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Global System for Mobile Communications (GSM) modems are specialized types of modems that operate over subscription based wireless networks, similar to a mobile phone. A GSM modem accepts a Subscriber Identity Module (SIM) card, and basically acts like a mobile phone for a computer. Such a modem can even be a dedicated mobile phone that the computer uses for GSM network capabilities.
Traditional modems are attached to computers to allow dial-up connections to other computer systems. A GSM modem operates in a similar fashion, except that it sends and receives data through radio waves rather than a telephone line. This type of modem may be an external device connected via a Universal Serial Bus (USB) cable or a serial cable. More commonly, however, it is a small device that plugs directly into the USB port or card slot on a computer or laptop.
A GSM modem is a generic communication device just like its wired ancestors, but since the service is subscription-based, it must have a SIM card installed. This card connects the modem to the proper provider and identifies the user of the device to the carrier network. In this way, the GSM modem operates just like a cellular phone; in fact, many cellular phones also use SIM cards for the same purpose. Since the SIM card actually contains all the subscription, membership, and user data, these cards are usually interchangeable between GSM modems and GSM cellphones.
Similar to the way dial-up modems converted analog signals to digital and back, GSM modems convert digital data to Short Message Service (SMS) messages for sending and receiving messages over the wireless network. SMS messages are small bursts of data which are sent and received like the data packets on dial-up modems.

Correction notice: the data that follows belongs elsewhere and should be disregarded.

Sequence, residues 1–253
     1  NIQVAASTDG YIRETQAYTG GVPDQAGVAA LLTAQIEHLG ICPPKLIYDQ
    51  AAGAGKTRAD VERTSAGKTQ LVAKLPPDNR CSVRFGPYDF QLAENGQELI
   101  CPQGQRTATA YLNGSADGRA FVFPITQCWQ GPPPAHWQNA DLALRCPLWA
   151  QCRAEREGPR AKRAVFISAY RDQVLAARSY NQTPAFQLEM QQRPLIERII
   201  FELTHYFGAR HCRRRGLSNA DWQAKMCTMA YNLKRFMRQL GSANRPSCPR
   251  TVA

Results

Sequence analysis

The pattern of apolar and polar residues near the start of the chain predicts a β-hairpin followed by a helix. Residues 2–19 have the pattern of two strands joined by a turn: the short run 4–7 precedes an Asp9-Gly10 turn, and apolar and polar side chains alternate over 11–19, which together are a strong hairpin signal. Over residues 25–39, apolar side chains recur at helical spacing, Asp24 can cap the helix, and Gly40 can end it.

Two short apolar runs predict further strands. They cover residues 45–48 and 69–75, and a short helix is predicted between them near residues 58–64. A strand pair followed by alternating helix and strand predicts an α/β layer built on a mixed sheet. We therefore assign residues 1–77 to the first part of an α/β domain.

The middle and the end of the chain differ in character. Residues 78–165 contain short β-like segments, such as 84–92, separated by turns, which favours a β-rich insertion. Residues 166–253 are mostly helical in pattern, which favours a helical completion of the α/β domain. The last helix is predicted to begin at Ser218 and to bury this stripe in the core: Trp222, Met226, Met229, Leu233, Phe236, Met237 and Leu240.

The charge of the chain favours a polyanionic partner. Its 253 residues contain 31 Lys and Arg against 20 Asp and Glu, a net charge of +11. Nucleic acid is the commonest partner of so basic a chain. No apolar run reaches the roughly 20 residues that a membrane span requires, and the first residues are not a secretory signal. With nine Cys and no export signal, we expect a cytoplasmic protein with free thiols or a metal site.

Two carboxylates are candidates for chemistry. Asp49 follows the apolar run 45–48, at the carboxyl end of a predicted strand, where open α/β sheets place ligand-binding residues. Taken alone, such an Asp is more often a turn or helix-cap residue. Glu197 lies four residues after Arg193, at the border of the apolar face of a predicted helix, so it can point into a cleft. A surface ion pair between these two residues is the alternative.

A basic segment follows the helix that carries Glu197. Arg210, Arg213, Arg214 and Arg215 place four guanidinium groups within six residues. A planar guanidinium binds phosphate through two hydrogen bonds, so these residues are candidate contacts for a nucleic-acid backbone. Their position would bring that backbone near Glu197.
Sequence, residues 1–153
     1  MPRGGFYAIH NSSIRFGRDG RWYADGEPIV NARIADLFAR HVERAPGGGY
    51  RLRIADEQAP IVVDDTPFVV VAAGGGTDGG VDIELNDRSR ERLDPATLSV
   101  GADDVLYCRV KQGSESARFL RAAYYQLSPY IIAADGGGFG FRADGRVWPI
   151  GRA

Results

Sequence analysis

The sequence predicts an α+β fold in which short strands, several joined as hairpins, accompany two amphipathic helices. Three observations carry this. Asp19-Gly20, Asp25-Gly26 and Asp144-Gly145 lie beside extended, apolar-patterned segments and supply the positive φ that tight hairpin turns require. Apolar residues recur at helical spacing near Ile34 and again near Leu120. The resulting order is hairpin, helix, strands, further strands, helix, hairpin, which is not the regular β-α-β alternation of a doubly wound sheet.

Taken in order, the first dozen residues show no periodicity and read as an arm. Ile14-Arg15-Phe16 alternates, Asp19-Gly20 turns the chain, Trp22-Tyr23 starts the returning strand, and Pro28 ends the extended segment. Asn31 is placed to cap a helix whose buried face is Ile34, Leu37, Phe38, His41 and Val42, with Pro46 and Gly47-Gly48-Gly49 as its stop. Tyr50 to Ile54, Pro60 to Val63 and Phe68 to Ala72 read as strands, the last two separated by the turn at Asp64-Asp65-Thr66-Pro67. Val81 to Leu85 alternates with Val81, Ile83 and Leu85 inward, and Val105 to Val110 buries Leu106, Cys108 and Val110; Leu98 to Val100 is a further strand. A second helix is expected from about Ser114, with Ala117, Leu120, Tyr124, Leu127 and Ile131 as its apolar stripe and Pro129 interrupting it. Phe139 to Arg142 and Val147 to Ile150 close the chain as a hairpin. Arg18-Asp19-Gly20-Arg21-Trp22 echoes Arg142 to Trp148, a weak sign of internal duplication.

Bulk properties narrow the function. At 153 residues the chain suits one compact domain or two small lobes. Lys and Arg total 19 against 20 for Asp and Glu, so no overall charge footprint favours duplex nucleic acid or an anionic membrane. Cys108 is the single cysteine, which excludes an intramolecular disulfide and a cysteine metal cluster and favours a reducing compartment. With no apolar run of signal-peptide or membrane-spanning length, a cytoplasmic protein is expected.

Many third-generation (3G) and fourth-generation (4G) smart phones use GSM technology so that they can act as wireless hotspots for computers. They can be connected to the computer via a USB cable or wirelessly over a wide-fidelity (Wi-Fi) network or via Bluetooth®. This allows users to access the Internet with their smart phone acting as a GSM modem rather than a traditional Wi-Fi connection. For many users who have an unlimited data plan on their smart phone, this solution is less expensive than paying for a separate Internet connection, or for paying connection fees or memberships at public Wi-Fi hotspots.
It seems most people would be better off using a phone as a mobile hotspot, anyway. There are some exceptions -- those with limited data plans on a smartphone could easily exceed their monthly allotments and wind up paying an overage fee. Also, there is usually a fee attached by a cell company when you want to use a phone as a mobile hotspot -- there are cases when it might actually be cheaper to use a GSM modem with another provider and pay a separate fee to that company.
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